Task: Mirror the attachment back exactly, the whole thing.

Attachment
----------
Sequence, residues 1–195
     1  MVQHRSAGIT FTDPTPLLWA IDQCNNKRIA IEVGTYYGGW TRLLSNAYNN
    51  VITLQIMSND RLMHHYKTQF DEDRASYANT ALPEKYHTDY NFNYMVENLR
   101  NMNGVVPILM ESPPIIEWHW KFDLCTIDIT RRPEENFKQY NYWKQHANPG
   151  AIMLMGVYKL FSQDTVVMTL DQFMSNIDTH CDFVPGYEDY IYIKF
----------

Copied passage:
Sequence, residues 1–195
     1  MVQHRSAGIT FTDPTPLLWA IDQCNNKRIA IEVGTYYGGW TRLLSNAYNN
    51  VITLQIMSND RLMHHYKTQF DEDRASYANT ALPEKYHTDY NFNYMVENLR
   101  NMNGVVPILM ESPPIIEWHW KFDLCTIDIT RRPEENFKQY NYWKQHANPG
   151  AIMLMGVYKL FSQDTVVMTL DQFMSNIDTH CDFVPGYEDY IYIKF